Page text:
Having said that I do know that when they have filmed a full length ballet by the pro company here, there are four or five cameras in the auditorium filming from all different angles. This leads me to believe that the problem is in the editing of the professional videos. I'm surprised that someone from the company - perhaps the Artistic Director - doesn't go over the shots with the film editor to make sure they have the right aspect.

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I suspect that cameramen, like many others, are not really making the videos for the end users (who are the ones paying for it) but in fact for their fellow professionals. They want to do a good job so that they are judged well by their peers. They want it to 'look nice' by their standards, and if that means that its not informative for the users, so be it.


I suggest that if you are arranging your own cameraman for your own event, you absolutely specify what will be done (with no payment if not), or assuming that they have multiple cameras running, one covering the whole stage, you ask for the output from that camera to be made available unedited. I agree that its not just in the original filming, but also in what they choose in the editing.



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We've had this problem at my home studio. The last few years, they have hired the same guy to record our performances, and they turn out, well, pretty bad. Like others have said, he would focus on one person durring a really complex section with lots of different parts, so the entire effect is lost. But here's one thing no body has mentioned: he will also zoom in on one person's feet. Sure, it's dancing and the feet are important, but, come on! We want to see the dance, not the shoes! We have all brought this up to our teachers, but no one will tell the camera man or hire a new one. It makes reviewing a performance very frustrating!

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he got kicked where no man wishes to be kicked.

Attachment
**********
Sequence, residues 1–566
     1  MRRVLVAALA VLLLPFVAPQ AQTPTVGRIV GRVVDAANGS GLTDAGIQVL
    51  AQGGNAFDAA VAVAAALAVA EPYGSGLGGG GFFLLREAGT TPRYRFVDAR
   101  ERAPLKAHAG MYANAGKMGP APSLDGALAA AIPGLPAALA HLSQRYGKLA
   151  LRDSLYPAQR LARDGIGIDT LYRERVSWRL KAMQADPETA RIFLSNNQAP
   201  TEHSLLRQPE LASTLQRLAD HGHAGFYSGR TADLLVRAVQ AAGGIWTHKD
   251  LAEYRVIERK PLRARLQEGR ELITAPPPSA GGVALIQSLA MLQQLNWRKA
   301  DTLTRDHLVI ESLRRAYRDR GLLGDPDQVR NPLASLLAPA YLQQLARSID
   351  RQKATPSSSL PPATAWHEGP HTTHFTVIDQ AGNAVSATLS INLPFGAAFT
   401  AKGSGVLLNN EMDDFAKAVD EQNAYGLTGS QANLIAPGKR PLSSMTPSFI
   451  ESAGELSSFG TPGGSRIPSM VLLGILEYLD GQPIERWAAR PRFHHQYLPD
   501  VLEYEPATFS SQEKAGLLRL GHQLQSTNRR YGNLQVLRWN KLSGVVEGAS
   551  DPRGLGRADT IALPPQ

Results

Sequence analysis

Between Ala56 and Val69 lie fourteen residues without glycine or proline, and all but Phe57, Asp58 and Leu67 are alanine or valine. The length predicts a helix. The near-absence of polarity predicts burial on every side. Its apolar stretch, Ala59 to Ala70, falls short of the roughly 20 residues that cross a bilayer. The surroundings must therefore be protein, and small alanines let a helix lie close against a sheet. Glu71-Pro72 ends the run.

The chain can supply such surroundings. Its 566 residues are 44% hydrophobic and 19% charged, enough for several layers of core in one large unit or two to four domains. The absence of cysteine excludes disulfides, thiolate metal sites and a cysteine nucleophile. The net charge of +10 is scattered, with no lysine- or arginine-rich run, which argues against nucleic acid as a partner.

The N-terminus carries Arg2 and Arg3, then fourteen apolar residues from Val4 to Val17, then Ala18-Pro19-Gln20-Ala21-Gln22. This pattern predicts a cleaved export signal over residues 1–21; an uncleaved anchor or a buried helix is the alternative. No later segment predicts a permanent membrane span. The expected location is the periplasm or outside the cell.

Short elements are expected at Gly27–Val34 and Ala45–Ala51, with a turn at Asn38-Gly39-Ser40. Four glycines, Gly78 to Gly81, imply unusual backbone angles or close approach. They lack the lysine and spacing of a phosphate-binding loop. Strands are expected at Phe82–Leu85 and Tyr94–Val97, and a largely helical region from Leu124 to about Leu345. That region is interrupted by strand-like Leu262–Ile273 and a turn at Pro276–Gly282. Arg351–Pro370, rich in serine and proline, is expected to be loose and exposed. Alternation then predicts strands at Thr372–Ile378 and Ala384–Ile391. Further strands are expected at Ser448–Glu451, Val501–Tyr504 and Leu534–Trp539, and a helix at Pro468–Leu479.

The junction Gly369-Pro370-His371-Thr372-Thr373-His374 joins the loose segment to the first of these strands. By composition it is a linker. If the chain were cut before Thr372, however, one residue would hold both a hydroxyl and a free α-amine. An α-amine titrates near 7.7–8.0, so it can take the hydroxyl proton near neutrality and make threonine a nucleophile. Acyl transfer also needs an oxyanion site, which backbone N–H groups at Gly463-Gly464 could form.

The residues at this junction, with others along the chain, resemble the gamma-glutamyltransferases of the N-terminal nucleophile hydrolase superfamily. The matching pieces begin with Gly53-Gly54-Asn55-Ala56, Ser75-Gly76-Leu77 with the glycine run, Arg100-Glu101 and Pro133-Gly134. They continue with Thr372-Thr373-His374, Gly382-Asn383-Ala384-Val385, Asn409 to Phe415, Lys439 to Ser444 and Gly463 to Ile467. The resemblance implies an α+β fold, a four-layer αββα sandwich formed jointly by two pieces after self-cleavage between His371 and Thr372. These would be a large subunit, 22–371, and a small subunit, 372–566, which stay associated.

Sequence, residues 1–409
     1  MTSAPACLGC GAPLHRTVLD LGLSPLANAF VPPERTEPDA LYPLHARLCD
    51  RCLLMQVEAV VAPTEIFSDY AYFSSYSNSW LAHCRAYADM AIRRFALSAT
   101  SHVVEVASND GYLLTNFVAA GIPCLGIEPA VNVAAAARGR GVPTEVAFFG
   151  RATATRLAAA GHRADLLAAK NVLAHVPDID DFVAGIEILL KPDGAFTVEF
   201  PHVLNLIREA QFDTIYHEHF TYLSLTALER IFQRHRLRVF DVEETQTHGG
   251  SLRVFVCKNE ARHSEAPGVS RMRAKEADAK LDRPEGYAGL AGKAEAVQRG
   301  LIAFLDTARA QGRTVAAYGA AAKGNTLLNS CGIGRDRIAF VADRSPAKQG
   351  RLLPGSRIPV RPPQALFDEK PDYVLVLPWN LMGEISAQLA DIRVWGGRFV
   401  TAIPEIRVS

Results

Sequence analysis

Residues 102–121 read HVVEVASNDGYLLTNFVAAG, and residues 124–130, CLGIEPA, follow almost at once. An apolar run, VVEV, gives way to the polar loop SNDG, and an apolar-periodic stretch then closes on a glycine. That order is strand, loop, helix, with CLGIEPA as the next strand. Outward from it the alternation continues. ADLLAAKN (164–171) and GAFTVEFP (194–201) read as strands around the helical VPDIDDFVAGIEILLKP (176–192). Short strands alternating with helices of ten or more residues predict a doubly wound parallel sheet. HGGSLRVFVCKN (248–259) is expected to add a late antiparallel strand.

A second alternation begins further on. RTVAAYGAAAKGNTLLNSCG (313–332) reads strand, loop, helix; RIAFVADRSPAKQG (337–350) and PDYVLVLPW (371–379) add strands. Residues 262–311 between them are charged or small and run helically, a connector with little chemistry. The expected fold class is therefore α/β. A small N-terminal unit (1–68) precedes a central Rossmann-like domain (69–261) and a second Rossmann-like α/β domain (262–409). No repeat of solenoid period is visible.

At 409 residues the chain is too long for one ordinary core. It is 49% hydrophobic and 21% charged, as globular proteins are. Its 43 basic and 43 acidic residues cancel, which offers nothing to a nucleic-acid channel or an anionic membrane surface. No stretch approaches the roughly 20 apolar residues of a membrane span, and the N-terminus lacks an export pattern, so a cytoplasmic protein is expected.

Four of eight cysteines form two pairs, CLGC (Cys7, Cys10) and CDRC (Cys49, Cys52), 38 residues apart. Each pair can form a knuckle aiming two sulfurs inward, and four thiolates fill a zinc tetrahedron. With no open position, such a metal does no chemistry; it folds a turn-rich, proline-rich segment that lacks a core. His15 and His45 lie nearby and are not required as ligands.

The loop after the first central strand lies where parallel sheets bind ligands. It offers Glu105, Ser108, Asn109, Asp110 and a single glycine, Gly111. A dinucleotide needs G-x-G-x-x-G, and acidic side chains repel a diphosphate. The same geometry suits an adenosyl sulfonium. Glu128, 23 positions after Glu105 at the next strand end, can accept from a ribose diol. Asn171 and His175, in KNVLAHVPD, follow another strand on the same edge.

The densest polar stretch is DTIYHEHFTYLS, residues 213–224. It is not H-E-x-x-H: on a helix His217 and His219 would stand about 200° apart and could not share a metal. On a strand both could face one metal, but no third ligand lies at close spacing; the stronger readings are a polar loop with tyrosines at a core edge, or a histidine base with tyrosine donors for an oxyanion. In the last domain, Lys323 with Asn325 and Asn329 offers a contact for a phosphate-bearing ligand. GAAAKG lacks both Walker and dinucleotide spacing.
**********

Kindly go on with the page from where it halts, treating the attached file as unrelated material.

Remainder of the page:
Wow--there's a lesson learned.


I generally agree that we want to see the dancing and not the make-up job, but with regard to the RBS Peter & the Wolf recording specifically, I think the goal is the interest of young children in the connection of the dancing and characters to the music and individual instruments. The dancing is OK and of course important, but when we shared that DVD with a 5 year old, she really liked to see the faces and costumes up close. She was especially interested because the faces were those of children. For almost any other ballet though, of course we want to see the broader shot.

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Our studio offers two versions each performance danced. One version is more wide screened allowing you to see the whole stage and all the dancing and the other shows close ups of the various dancers and solos. We always end up buying both versions. My dd likes the wide screened version, but we find most friends and family that watch the DVD's like the one with the close ups.

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I wonder if the other thing that comes into play is what directives the camera operator has been given; for example, when one is filming inside a TV studio, there is a hierarchy. The camera operators all have headphones on, and there is a director in the booth that is telling them what to film and how. If you were inside the booth, you might hear, "Camera one pull back wide-screen, camera 2 close-up on center, camera 3 close-up right". So in the studio at least, the camera operators have no control over what they are filming.


I wonder if that comes into play when they are filming in theatre?

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In one video of the recital at my home studio, the cameraman zoomed in on a girl who was just posing on the side of the stage. Meanwhile, another girl was doing a solo! I would much rather watch a someone who is dancing than someone who is just standing and waiting for their cue!

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At my last dance show, the camera was appauling. The camera-persom decided to change the tapes halfway through dances. On the DVD, Grade 4 ballet is from one of their mum's dress rehersal copy & there is no finale!